The Giving of Gifts

A friend of mine recently lost a parent. Another is going through a divorce. One I know is spending the holidays alone. Another is working to avoid such a fate. I know some who struggle with depression during seasons that scream, “BE HAPPY!” I know others who close their eyes, hold their breath, and wait for it all to be over.

Christmas Today

I was reminded the other day of a Christmas that brought the deepest kind of sadness to me, something that may have been even harder to take given how much I love the season. The semester was coming to a close. I was finishing up finals and in only a few days would go home; home to a house that I’d grown up in and where I’d spent every Christmas morning of my life that I could remember. I was set to go home to something that I’d always looked forward to; a time and a place where every tradition was expected, followed, and enjoyed. Until now.

I wondered if there would be a tree. I knew that there would be no special presents, the perfect kind bought months before when they’d been spotted at a store and purchased with love. I didn’t know if I’d have any presents, or at least any surprises. I knew there’d be no stockings hung, no candles in the windows, no smells of cider and cinnamon from the kitchen. I imagined there would be church on Christmas Eve, but I didn’t want to go. It wouldn’t be the same. Everyone would notice.

As I went through the motions of studying and finishing papers, I also worked my shifts in the dining hall, assisting the cooks. This was back before feeding people was deemed an appropriate activity to outsource; back when a university hired adults to cook meals and students to help them, to serve others on the lines, to work the dish line, to scrub pots and pans, to swipe IDs. I worked in the dining hall throughout my years in college, finding it both a great source of beer money and one of the most fun jobs I have ever had (still, to this day).

I worked as a Cook’s Aid (a position you had to be promoted to, mind you) alongside a couple of older guys, retired cooks from the Navy; two black women who reminded you of characters out of good Southern writing, strong and opinionated and wise, and who you minded no matter what; several women who had cooked in large quantity for most, if not all, of their working lives; Mary, who ran the ship and served as a surrogate mother to the students who worked for her, always firm and caring; and Robin. Robin was younger than any of the other adults, yet older than any of us students. She was just the right age, compared to us, to be both hip and authoritative.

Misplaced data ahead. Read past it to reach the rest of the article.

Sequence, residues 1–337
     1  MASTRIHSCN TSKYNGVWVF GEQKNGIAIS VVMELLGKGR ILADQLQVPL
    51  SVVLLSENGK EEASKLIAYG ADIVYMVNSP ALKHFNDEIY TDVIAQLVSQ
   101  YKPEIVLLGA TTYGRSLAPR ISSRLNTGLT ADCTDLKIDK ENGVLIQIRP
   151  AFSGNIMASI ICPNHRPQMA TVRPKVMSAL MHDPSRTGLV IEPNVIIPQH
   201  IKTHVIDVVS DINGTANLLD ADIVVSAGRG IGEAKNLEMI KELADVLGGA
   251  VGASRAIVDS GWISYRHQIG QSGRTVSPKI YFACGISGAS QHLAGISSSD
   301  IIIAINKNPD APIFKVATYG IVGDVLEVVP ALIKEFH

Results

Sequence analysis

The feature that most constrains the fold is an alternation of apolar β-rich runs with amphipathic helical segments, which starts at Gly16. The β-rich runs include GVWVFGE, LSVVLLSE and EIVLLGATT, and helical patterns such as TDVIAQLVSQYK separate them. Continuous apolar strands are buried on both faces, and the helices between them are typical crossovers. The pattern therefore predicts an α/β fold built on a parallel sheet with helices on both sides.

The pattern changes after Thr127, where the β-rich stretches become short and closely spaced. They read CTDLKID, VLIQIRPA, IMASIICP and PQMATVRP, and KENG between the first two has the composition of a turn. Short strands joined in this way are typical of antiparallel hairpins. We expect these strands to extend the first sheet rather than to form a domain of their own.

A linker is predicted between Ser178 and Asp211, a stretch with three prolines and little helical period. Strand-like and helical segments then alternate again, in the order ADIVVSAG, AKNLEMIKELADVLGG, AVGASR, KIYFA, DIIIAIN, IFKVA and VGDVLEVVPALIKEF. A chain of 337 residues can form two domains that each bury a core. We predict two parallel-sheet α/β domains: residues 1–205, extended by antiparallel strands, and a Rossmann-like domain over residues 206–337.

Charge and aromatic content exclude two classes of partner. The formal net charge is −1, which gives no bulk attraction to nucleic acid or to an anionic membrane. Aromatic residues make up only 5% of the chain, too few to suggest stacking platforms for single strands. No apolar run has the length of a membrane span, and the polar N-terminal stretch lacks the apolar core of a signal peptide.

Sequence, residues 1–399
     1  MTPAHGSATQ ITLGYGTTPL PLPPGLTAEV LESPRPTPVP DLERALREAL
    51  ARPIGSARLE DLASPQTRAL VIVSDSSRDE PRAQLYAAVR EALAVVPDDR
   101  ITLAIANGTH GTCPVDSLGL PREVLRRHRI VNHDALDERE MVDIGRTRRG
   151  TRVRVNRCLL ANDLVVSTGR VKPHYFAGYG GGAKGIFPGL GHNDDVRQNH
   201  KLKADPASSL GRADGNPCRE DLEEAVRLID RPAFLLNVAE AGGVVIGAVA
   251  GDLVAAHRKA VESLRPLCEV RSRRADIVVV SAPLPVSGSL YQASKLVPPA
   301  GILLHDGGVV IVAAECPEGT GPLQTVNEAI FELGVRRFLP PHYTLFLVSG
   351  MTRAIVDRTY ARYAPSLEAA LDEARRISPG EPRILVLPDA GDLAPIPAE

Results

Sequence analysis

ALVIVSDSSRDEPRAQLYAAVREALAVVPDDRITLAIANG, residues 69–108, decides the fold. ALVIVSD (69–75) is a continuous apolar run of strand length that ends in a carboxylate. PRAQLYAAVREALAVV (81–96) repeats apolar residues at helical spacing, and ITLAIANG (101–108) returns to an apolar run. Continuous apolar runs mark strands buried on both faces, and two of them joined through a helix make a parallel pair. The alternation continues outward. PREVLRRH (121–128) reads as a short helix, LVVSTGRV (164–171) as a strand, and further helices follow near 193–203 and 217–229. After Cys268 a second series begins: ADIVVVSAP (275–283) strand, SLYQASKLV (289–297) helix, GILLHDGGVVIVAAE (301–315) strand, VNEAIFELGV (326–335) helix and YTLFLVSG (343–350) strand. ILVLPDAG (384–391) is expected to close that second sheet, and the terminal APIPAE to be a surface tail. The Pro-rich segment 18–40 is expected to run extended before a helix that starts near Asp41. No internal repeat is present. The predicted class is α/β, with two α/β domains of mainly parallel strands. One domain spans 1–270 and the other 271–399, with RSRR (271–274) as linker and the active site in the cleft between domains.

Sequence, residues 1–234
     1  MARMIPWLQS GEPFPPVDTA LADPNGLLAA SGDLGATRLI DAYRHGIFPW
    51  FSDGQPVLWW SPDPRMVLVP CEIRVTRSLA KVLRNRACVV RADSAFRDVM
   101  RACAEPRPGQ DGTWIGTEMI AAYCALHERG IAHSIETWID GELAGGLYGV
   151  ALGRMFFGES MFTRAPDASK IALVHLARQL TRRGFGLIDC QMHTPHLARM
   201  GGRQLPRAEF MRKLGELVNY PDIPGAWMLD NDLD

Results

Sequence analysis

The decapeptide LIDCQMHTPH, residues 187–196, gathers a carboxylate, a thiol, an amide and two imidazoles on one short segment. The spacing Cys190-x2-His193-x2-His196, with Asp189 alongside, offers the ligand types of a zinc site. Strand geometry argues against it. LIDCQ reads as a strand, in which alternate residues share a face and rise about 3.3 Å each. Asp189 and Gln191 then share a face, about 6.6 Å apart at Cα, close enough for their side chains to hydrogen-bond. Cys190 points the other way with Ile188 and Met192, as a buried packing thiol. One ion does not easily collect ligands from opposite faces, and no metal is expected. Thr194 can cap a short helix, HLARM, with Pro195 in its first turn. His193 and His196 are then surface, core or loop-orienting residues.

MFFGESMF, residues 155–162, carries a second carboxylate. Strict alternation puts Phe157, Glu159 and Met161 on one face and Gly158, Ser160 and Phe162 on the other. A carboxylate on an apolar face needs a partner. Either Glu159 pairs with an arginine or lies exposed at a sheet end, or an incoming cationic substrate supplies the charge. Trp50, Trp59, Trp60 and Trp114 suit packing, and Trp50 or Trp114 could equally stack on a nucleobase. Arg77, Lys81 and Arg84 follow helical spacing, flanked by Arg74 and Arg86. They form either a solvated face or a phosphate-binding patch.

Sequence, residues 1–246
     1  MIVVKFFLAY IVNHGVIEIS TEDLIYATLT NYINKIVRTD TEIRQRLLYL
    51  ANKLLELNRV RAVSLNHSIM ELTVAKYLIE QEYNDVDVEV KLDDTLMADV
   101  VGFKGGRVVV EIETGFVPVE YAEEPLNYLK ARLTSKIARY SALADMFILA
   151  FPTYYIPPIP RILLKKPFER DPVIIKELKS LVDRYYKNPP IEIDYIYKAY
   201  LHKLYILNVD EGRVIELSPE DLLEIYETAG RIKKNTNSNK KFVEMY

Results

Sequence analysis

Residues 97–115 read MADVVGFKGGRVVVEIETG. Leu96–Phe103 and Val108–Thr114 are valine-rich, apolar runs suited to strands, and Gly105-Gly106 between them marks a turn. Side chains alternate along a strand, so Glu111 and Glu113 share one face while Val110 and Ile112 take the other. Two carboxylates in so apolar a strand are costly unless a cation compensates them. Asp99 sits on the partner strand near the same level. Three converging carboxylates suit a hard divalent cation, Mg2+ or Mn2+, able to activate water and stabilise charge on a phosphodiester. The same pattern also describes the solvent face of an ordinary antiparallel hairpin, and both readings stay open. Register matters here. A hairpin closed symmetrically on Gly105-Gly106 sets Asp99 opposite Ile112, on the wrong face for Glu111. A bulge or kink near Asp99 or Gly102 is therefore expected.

I’d come to love all of these adults very much, especially over the past year as they each, in their own way, looked after me, making sure I was okay. Rarely did anyone ever ask me outright, “Are you okay?” but I could feel concern in the looks they gave me from time to time, the extra hug I’d receive at the end of a shift. I knew they cared, but it wasn’t until this December came around and the looming sadness prevailed that I learned how much.

I was cleaning up at the end of a dinner shift, wiping out the pass-throughs, the heated sections between the kitchen and each serving line where we placed pans of food to replenish the lines. I was using the Lime-Away to brighten up the stainless steel, the hard brushes to make things shine. I closed the door, like an oven “thwump”, and turned to go towards the bulletin board, to see the schedule and punch out, when I ran into Robin. She had in her hands a small Christmas tree, about 18″ tall, fully decorated with lights and red ball ornaments. She had tears in her eyes as she held it out to me.

“I couldn’t stand the thought that you might not have a tree,” she said.

I had tears in my eyes now, too.

“Take this with you, just in case.”

She gave me a hug and I cried harder than I wanted to. I could see the other cooks and a couple of my fellow student workers out of the corner of my eye. Even the old sailors’ eyes were moist.

I took the tree back to my room in the sorority house. A few days later, I packed my suitcase and went home. There wasn’t yet a tree, but my dad and I did go get one together. He didn’t buy many any surprises, but took me shopping and told me to pick out a few things that I wanted or needed. We ate a Christmas Eve supper of spaghetti at the Sabarro in the mall; a far cry from the dining room table set with candles and the best china and the Waterford crystal glasses that only came out of the hutch this one night each year. We got dressed up and went to church for the candlelight service. People asked about school and gave me hugs. We drove home and then my dad left to go over to a friend’s house, leaving me all alone on the evening Santa comes to town. I’ve long ago forgiven my father for this act, but have to admit I’ve never forgotten.

But I’ve also never forgotten that small tree, that gift given “just in case”. It was maybe the kindest and most thoughtful gift I’ll ever be given. In those times when we’re really sad, when our hearts are broken and hope is gone, what can be better than the gift of thoughtfulness and care, of something to show love just in case we need it? Because we always do.

Thank you, Robin, wherever you are.

One Response to The Giving of Gifts

  1. Thank you, Sally! I’ll bet Robin made a lot of people’s lives better.

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